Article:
• Temple EM

Keppra vs. Dilantin in Management of Status

The Article: Chakravarthi, S., et al. “Levetiracetam versus phenytoin in management of status epilepticus.” Journal of clinical neuroscience: official journal of the Neurosurgical Society of Australasia 22.6 (2015): 959-963.

The Idea: To compare levetiracetam (LEV) and phenytoin (PHT) as second line treatments for status epilepticus (SE).

The Study: This was an open-label randomized study conducted on 44 patients in a tertiary care center in Northern India. Consecutive patients presenting in status epilepticus (continuous, generalized convulsive seizure lasting > 5 minutes or two or more seizures during which the patient does not regain normal sensorium) were randomized to either LEV or PHT based on the order in which they presented. Odd patients got PHT, even got LEV. All patients got a 0.1mg/kg bolus of IV lorazepam and were enrolled in the study if that failed to control their seizures. Patients in the PHT got a 20 mg/kg dose, patients in the LEV group got a 20 mg/kg loading dose. These were followed by maintenance doses of the respective drugs. Inclusion Criteria were patients who fulfilled the definition of SE and failed to improve with IV lorazepam. Exclusion criteria were patients already taking one of the study drugs and those with drug withdrawal seizures. The primary outcome was successful clinical termination of seizure activity within 30 minutes after initiation of drug infusion. Secondary outcomes included recurrence of seizures within 24 hours, neurological outcome, need for ventilator assistance and mortality during hospital stay.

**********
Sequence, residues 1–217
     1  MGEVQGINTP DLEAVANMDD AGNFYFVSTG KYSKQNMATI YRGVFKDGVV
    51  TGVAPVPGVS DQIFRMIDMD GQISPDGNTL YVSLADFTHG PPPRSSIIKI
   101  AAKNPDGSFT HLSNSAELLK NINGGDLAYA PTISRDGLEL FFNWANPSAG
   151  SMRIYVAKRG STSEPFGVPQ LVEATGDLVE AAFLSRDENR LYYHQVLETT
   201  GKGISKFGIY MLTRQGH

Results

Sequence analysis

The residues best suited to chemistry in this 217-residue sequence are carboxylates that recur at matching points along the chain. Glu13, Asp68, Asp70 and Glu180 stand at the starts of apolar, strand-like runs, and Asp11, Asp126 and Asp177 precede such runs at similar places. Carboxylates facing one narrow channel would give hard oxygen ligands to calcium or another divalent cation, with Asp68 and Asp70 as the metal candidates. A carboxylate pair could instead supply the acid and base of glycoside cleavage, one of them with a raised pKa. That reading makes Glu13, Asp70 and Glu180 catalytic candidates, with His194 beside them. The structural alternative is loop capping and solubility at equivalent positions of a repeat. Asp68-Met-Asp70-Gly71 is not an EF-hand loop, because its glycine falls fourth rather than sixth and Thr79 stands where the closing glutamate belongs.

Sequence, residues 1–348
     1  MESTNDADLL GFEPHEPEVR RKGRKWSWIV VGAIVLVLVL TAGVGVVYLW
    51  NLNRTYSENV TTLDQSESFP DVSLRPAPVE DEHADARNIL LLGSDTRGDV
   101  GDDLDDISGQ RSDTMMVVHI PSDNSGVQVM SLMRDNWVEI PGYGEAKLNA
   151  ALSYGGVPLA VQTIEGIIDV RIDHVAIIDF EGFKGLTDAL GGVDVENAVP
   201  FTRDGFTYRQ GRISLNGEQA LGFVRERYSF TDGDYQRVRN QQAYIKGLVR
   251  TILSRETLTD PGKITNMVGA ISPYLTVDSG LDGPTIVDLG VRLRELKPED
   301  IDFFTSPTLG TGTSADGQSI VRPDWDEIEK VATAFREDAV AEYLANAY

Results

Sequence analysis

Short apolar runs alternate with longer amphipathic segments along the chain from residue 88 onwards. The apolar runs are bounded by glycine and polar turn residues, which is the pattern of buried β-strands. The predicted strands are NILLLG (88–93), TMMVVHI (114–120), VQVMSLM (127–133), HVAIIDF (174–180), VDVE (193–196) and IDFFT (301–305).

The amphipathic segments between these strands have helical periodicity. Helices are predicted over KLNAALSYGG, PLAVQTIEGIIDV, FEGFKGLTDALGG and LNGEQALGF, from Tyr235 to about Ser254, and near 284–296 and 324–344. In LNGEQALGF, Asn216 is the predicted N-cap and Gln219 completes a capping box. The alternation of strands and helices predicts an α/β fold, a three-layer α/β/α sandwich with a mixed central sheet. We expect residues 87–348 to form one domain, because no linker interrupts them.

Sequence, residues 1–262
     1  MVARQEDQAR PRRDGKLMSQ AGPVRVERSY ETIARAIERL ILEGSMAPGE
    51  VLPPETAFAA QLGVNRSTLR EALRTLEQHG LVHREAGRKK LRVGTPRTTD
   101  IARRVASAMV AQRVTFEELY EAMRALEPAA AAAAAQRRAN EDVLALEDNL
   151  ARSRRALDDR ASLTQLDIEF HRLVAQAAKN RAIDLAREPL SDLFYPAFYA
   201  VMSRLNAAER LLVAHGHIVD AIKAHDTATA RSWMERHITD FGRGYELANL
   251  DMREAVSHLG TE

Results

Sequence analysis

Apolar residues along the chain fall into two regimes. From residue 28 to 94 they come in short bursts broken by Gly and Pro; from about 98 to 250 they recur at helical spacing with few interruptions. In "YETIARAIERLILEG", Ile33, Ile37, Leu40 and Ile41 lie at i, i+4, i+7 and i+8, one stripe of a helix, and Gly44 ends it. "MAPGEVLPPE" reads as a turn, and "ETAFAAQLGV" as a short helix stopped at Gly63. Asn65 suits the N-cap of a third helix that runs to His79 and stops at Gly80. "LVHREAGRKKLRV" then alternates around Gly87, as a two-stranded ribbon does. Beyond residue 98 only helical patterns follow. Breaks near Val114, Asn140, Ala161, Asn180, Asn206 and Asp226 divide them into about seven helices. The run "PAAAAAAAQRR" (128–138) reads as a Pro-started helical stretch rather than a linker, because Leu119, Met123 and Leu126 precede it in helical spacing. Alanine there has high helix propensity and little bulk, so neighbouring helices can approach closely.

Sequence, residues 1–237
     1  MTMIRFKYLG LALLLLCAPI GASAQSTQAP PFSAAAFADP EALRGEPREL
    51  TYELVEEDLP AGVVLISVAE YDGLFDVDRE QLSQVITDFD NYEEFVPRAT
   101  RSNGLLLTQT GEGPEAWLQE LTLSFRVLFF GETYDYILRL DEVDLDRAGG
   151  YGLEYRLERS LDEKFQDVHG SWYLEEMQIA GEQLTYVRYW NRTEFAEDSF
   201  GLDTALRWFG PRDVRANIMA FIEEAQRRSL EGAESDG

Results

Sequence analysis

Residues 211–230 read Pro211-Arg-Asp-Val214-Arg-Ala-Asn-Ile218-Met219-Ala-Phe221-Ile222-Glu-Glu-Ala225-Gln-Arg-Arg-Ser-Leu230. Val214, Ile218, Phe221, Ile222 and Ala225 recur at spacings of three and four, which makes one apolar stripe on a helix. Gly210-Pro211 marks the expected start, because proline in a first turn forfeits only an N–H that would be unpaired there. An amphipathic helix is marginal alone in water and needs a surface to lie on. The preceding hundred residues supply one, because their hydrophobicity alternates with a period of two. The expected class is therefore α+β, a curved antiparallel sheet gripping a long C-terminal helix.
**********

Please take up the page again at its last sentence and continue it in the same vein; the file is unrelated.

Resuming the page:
The Results: No statistically significant difference between PHT and LEV in achieving control of seizures within 30 minutes (68.2% vs 59.1%), recurrence of seizure within 24 hours, neurological outcome, need for ventilator assistance or mortality.

The Takeaway: The author’s conclusion that levetiracetam is not inferior to phenytoin as a second line agent in the management of status epilepticus is based on weak evidence. This study has several limitations. First, this is a very small study (44 total patients) and there is no power calculation in the text. Second, the researchers were not blinded to the treatments each patient was receiving. Third, the patients in the study are not representative of the patient population in the United States. Therefore, there needs to be a better study before any conclusions can be drawn comparing the relative effectiveness of levetiracetam with other anti-epileptics.

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